Rene Descartes was deeply religious, and he considered mathematics to be the language of God. Recognizing the problem we have just described, he attempted to forestall a confrontation between science religion through an intellectual schism that we have already discussed: Cartesian Dualism. He said Creation is divided into dual domains: matter and soul. The proper study of science includes only the realms of matter and energy. The proper study of religion includes only values, emotions, and things of the spirit or soul. Thus it would be “unscientific” to discuss anything rationally except matter and energy. That this schism came to be generally accepted, at least by most scientists, led to the gradual rejection (until very recently) of all non-measurable data, phenomena, and experiences as unscientific and therefore superstitious, childish, weak, and outdated. The scientific study of psychology has been hobbled by the limitations imposed by Cartesian Dualism. And although Descartes explicitly accepted the spiritual domain and the existence of the soul, his intellectual offspring increasingly did not.

Ignoring the leap in logic that the dualistic division of experienced reality is entirely arbitrary, philosophers began to have a very difficult time figuring out how a non-material soul could affect a material body. However, today we understand more about the influence of the non-material upon the material. A computer controlling a powerful robot is itself controlled by software represented by electrical states of tiny transistors operating upon infinitesimal subatomic particles. Even though the software is represented in material objects, the essence of the software is ideas in the mind of the software writer. Some moderns who claim to be spokesmen for science will not allow this example, as they believe that the mind is “simply” an epiphenomenon of the brain. Another example was given earlier: human interpretations of experiences have physiological consequences. A third is the ability of love, especially altruistic love, to motivate humans to perform sometimes amazing physical actions. Many attempts have been made to explain mind/matter interaction through quantum physics. While we shall see later that quantum physics does contain some important keys, most of these attempts have been analogous to the God of the Gaps, the gaps having become quantum leaps.

Perhaps much more important than the constricting effect that Cartesian Dualism has had upon the science/religion dialog is the effect that it has had upon the practice of religion. “ ... for centuries, we in the West have divided the world into spiritual phenomena and natural phenomena, as if all phenomena were not natural. To put it another way, we came to believe that some natural laws were more God’s laws than others. Faith and spiritual experiences were dismissed as delusions that had no basis in fact.... Scientific rationalism even influenced religion. ‘The religious groups had to be creatures of the Enlightenment,’ explains David Baird, minister of the Putnam United Methodist Church in Putnam, Connecticut. Even today, reverend Baird notes, ‘the training we get is ninety-nine percent intellectual, theological, and philosophical. There is very little on the cultivation of the spirit.’ For the last few centuries, he notes, many religions have ‘tried to package religion in a way society could accept.’ When he did hands on healing as a Lutheran minister, he recalls, ‘people felt it was getting into magic. They thought I was leaving orthodox Christianity.’” [Goldner, Diane: Infinite Grace, Hampton Roads Publishing Co., Charlottesville, Va., 1999, pp. 42-43]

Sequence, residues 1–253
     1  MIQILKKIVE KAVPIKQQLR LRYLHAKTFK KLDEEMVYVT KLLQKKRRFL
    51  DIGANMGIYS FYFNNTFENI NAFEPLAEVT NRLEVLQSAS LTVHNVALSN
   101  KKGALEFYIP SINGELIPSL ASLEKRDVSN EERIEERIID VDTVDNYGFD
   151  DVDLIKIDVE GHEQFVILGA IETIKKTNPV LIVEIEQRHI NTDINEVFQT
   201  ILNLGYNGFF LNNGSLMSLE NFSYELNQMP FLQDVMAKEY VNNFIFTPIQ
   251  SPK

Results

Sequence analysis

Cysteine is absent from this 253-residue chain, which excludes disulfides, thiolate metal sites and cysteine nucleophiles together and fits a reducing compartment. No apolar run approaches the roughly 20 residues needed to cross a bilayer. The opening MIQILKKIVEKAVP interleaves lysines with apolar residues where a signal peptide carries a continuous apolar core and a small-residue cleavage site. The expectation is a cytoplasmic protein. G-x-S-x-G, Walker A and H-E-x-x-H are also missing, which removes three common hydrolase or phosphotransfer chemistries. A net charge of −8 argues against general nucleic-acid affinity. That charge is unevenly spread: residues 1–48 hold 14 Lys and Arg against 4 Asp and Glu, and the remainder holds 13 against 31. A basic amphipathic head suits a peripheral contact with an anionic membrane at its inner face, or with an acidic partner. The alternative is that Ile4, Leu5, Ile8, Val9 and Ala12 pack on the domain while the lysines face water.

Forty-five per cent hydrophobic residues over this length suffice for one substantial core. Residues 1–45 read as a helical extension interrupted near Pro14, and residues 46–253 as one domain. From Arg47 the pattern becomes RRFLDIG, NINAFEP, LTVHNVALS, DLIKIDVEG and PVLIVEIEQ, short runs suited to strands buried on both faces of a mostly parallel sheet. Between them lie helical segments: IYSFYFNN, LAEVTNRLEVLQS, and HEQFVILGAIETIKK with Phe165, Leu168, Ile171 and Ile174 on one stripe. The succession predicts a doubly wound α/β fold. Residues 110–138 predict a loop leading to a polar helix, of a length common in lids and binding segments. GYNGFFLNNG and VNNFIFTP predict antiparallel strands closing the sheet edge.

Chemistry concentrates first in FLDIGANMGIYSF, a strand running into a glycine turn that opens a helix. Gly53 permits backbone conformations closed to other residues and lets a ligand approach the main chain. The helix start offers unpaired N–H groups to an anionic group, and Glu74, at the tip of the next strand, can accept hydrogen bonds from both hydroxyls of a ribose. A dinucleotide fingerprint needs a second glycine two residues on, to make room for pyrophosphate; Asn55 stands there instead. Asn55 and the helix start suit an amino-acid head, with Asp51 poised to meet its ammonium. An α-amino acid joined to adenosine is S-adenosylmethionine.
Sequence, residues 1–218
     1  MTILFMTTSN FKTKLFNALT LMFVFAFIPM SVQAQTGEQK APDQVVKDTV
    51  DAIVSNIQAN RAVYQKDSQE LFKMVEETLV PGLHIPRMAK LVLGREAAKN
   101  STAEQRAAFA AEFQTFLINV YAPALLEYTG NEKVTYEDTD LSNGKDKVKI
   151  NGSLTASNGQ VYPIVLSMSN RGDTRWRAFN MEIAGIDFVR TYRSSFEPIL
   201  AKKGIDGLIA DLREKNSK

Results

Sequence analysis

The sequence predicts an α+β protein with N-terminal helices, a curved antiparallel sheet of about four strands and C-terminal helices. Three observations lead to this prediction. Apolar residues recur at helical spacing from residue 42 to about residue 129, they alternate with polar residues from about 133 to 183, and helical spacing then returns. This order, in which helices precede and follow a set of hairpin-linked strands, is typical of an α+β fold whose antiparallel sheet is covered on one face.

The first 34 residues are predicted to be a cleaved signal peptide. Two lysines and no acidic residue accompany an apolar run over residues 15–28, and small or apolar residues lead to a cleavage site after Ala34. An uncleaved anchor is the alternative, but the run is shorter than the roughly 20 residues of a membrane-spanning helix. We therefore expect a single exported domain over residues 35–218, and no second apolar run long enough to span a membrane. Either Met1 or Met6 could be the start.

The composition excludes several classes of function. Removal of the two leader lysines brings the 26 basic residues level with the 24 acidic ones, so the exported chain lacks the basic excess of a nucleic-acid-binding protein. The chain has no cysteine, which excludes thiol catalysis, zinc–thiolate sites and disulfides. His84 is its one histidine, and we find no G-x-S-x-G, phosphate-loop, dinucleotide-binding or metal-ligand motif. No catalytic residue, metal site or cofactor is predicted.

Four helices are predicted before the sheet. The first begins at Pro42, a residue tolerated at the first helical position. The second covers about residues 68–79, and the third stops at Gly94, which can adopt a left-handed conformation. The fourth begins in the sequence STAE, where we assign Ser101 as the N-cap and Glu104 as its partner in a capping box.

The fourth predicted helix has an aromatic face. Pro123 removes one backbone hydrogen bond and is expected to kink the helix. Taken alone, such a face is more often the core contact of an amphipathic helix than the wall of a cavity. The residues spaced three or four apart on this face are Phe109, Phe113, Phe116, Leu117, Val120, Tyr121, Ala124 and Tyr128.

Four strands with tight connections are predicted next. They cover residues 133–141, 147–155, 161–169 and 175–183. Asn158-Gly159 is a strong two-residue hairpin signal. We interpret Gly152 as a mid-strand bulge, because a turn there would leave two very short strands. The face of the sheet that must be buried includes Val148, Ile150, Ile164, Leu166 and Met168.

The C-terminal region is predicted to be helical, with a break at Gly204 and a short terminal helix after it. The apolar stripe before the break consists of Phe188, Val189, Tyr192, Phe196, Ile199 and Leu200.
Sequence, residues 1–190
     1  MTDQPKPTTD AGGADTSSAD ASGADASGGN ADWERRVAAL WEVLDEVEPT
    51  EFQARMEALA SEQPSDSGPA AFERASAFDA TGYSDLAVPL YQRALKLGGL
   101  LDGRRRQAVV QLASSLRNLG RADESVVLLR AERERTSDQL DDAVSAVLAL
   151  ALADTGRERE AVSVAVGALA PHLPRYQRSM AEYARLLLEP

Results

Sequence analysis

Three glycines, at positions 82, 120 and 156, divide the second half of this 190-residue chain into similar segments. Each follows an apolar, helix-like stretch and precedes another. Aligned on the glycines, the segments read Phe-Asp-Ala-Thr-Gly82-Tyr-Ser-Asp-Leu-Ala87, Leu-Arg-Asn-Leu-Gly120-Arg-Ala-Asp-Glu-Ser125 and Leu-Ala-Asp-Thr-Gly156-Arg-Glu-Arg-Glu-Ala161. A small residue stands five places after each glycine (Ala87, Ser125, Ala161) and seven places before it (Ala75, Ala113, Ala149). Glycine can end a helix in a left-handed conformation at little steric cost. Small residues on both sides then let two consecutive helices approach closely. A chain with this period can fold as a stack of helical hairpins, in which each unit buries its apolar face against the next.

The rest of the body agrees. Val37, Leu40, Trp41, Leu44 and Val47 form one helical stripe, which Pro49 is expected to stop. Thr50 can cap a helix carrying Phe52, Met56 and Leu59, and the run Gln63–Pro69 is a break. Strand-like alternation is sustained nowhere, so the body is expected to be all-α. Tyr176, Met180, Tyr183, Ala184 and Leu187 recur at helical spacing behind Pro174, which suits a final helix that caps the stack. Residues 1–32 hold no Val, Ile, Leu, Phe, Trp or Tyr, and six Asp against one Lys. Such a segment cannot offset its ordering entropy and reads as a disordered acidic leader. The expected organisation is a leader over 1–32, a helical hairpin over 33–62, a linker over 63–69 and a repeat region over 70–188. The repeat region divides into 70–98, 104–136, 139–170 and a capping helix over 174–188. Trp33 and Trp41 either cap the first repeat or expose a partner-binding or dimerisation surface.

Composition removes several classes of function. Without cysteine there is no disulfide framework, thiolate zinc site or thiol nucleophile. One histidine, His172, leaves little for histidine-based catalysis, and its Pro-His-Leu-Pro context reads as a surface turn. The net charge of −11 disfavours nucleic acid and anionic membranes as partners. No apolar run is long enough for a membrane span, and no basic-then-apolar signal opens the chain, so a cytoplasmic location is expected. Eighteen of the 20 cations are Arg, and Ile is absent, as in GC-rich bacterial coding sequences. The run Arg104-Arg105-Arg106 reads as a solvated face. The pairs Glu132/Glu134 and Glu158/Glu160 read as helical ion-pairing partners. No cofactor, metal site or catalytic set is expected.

The formal dialog between science and religion can be summarized thus:
1. In the early days of science, the Church (in the West) and the leaders of Islam (in much of the Near East) not only controlled the dialog, but they employed professional scientists: astronomers, mathematicians, and the like. While these professionals made much progress in science, their conclusions were always subject to the tests of religious dogma. In India and the Far East, dogma has never been as highly esteemed, and scientific studies at that time were not a major part of the intellectual climate. The source of true knowledge was considered to be enlightened masters who claimed to maintain a union with the Ultimate (sometimes called “God”, sometimes not), and whose pronouncements were beyond questioning because the Ultimate is by definition omniscient.

2. Beginning during the so-called “Enlightenment,” (notice the almost diametrically opposed usages of this word in the East and West), the religious side of the dialog lost much of its following among the intelligentsia in the West and, to perhaps a lesser extent, the Near East. Gradually, the situation described above by Rev. Baird came to be, even to the extent of weakening the influence of the mystical religions of the Far East.

3. By the end of the 18th century, scientism had become the de facto religion of the intellectual elite in most of the world, although there were vast numbers of people less analytically inclined, who continued to accept the religious traditions of their ancestors. In fact, science did seem to prove the mechanical nature of a universe which was infinite in extent, history, and future.

4. During the 20th century, as we have discussed, many of the props were pulled from under scientism, and the work of Thomas Kuhn, the founders of General Semantics, and others helped to reveal the difference between scientism and science. Also, the influence of Indian, Far Eastern, and aboriginal religions began to be felt in Western society, largely due to a generation that found itself intellectually as well as spiritually unsatisfied with materialism. Willis Harman, in “Toward a Consciousness Metaphor in Science,”[ Noetic Sciences Review, 24 (Winter 1992), pp. 35-36] stated,